When Kris Allen was asked by the “American Idol” judges at his first audition if he thought he was the best singer in the competition, he replied by saying “You know, there’s probably people out there who are better than me.”
That was true in Louisville, where he first performed for Simon Cowell and company. It was true in Hollywood, when he advanced to the semifinals. It was true in his semifinal heat, when both Adam Lambert and Allison Iraheta earned more praise and he tagged along as the third singer to earn the assigned spot among the 13 finalists.
But gradually, as the season progressed and Kris found his rhythm, the list of people better than he was grew smaller and smaller, and on Wednesday night he found out that according the “Idol” voters, nobody did it better.
The college student from Conway, Ark. was crowned the season eight winner, beating Adam in the finale. Along with the title, he wins a million-dollar record contract, a trophy shaped like a microphone, and the obligation to work with songwriter Kara DioGuardi to try and turn “No Boundaries” into something that doesn’t cause listeners to frantically change the station when it comes on the radio.
“Are you serious?” Kris asked after hearing his name announced as the winner. “I’m sorry, I don’t even know what to feel right now. This is crazy!”
Simplicity beat showmanshipHe may have been the most shocked person on the stage, which would fit with his personality. But that belied the confidence that seemed to grow as he performed each week, to the point when anyone who thought Adam was a lock to win on Wednesday wasn’t paying attention.
This will be billed as a victory for the underdog, since Kris didn’t have the outsized voice or personality of his fellow finalist. However, he was a deceptively strong candidate all season, only landing in the bottom three once and drawing more and more fans each week.
The season ultimately came down to a study in contrasts between Kris, the acoustic maestro at home with just a chair and a guitar, and Adam, the performer who looked like he was born to strut across the stage in front of a cheering throng with all the bells and whistles a show like “Idol” can offer.
The two finalists seemed to genuinely get along. Each pointed to the other on Tuesday when the phone numbers were being read, as if to suggest they’d vote for their rival. Even on Wednesday, Adam looked gracious in defeat and Kris was complimentary in victory.
But that clashes with how they looked all season when the lights came on and the music started. Their performances Wednesday night once again showed how different they are musically. Kris sang with country star Keith Urban, two men sitting on stools and playing their guitars. Adam performed with KISS, with all the associated makeup and pyrotechnic trimmings.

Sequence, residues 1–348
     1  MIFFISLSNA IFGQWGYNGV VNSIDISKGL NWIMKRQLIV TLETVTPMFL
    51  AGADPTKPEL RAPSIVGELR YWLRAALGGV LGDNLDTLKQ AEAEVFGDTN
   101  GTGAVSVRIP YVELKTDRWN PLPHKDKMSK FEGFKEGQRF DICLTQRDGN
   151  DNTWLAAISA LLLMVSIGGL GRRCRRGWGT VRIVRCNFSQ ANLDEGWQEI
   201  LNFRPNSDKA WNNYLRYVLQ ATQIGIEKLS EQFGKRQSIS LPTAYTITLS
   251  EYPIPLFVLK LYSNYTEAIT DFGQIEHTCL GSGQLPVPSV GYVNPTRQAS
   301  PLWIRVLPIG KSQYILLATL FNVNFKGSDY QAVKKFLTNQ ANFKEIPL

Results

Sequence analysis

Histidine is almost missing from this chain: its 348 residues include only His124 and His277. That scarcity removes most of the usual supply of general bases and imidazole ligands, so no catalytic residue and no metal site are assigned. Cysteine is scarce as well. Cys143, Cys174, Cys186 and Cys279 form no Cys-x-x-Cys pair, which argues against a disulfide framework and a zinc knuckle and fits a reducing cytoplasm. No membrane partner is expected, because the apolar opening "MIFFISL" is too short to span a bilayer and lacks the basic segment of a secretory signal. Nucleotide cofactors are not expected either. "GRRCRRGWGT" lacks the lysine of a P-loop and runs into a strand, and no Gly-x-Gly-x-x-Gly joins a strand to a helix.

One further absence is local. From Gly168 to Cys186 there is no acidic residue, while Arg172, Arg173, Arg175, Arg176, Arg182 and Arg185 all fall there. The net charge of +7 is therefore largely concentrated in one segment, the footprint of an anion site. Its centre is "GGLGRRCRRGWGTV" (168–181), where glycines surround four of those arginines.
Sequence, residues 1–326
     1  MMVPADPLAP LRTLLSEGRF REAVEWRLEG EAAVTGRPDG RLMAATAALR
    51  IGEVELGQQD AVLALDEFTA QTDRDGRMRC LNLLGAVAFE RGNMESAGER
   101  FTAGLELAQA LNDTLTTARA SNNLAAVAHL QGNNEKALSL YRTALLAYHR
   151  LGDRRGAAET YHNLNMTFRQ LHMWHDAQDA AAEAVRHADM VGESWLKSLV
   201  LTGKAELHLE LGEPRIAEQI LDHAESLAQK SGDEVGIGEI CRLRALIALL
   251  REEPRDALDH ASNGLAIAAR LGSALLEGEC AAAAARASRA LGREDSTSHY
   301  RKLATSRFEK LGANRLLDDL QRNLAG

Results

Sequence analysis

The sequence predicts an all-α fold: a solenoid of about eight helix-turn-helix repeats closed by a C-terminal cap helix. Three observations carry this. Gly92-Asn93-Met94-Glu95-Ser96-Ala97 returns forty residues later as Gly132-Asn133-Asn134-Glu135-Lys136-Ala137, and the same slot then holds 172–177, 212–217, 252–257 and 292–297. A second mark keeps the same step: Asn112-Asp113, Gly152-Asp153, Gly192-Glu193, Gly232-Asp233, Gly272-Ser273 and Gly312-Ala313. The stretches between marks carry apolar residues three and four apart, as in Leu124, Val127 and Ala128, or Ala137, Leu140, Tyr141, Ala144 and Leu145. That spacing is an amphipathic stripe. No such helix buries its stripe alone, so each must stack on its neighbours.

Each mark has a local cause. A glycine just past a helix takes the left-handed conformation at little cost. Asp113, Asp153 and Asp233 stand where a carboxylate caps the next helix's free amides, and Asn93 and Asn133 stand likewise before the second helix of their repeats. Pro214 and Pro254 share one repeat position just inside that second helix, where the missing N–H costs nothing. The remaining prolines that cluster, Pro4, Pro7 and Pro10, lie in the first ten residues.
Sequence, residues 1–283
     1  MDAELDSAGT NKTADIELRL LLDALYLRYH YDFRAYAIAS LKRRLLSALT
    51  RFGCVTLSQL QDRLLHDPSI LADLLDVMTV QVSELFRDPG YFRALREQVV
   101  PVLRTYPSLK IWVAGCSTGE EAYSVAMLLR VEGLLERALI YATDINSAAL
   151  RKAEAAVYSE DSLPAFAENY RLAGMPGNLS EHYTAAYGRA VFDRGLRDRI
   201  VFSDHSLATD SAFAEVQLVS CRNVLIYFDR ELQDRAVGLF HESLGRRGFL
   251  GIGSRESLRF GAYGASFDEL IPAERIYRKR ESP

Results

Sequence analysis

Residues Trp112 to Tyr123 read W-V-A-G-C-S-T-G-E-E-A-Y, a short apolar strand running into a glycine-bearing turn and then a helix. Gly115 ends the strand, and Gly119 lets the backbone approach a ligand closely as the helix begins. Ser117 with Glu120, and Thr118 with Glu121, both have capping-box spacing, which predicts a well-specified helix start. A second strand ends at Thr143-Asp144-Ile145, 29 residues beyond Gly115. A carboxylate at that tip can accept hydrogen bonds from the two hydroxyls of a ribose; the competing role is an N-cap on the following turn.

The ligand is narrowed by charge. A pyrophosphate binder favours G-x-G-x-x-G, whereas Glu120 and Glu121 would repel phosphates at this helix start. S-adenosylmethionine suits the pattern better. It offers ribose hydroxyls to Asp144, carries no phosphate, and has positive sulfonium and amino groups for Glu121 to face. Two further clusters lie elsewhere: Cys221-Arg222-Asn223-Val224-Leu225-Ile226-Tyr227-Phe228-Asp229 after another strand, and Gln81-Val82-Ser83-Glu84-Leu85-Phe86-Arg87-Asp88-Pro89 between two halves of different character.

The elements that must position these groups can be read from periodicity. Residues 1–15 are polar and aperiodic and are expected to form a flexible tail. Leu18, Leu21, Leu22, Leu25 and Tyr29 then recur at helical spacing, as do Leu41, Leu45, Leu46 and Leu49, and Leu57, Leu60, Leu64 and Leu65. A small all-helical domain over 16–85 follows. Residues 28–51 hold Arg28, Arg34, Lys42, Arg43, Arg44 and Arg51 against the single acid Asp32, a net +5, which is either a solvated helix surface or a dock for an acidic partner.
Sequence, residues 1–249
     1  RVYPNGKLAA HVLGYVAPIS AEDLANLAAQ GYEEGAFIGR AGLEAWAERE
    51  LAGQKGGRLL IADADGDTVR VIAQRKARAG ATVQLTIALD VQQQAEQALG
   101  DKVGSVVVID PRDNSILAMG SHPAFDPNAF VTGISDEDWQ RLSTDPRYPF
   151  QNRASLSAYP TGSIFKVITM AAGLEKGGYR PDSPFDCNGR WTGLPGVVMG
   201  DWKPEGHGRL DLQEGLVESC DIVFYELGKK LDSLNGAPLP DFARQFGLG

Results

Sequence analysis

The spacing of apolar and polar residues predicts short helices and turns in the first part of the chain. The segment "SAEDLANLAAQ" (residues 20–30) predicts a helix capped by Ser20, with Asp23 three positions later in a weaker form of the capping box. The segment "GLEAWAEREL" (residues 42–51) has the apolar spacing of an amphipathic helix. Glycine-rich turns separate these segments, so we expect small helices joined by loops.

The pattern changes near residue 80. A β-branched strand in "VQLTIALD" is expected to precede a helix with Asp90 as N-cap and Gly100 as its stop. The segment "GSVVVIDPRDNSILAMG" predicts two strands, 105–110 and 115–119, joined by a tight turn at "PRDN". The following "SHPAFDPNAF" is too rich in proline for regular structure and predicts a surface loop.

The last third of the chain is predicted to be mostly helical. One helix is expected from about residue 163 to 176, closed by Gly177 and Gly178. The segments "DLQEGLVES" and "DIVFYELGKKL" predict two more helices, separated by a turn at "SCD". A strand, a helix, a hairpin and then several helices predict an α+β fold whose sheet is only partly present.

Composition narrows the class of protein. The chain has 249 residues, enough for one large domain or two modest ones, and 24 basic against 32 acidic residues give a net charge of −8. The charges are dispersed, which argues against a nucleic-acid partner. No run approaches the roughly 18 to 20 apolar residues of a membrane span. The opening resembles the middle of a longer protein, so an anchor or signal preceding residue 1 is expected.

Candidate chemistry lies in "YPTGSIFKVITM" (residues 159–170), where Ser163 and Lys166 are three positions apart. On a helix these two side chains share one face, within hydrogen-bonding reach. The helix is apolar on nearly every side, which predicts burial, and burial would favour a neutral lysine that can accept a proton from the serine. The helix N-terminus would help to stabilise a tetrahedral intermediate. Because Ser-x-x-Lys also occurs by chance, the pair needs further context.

Though Adam again was more memorable, there’s a reason that Keith Urban is on the radio now and KISS is not. Kris may be more of a down-to-earth performer, but anyone listening to any Top 40 station knows that kind of music is enormously popular. Adam is more fun to watch, but couldn't wrangle enough votes to overcome that.
The finale always has star power, and this year was no exception, as stars of the recording industry made their way to the “Idol” stage to jam with this season’s contestants.
Lil Rounds sang with Queen Latifah, Allison Iraheta with Cyndi Lauper, Danny Gokey with Lionel Richie, and Alexis Grace and Anoop Desai with Jason Mraz. Steve Martin brought his banjo onstage to play with Megan Joy and Michael Sarver. Carlos Santana, Rod Stewart, Fergie and the Black Eyed Peas performed with the Idol finalists, and the surviving members of Queen sang “We Are the Champions” with Adam and Kris.
Of course, that happened because of the relationship between the show and the music industry. “Idol” wants to give its acts credibility by associated them with established stars, and those established stars want the show’s millions of viewers to download their singles and buy their concert tickets. It’s all about the cash, and “Idol” is nothing if not capable of making those associated with the show some serious money.
There was also the final round of product placement, with Kris and Adam each getting a new car as some small payment for going through a season’s worth of those brutal Ford videos.
There were the usual glitches. The microphone didn’t go live for Ryan’s first interview of the two finalists, and the sound and camera cut out briefly during the Black Eyed Peas performance. (The Associated Press reports that singer will.i.am stayed mum rather than sing an expletive.)
There were final curtain calls for the likes of Nick Mitchell and alter ego Norman Gentle. And an encore for Tatiana Del Toro, who “Saving All My Love” for the fourth time and poked fun at herself in something resembling a comedy routine with Ryan.
And there were memorable moments. Bringing back Katrina Darrell to strut around in her bikini was predictable, and having her joined onstage by Kara was also an obvious play. But having the judge wear a skimpy suit of her own was not, and she wins the award for best outfit of the season in a landslide.
But ultimately, the night belonged to Kris, who may not have been memorable in January, but made himself into a superstar by May.
Craig Berman is a writer in Washington.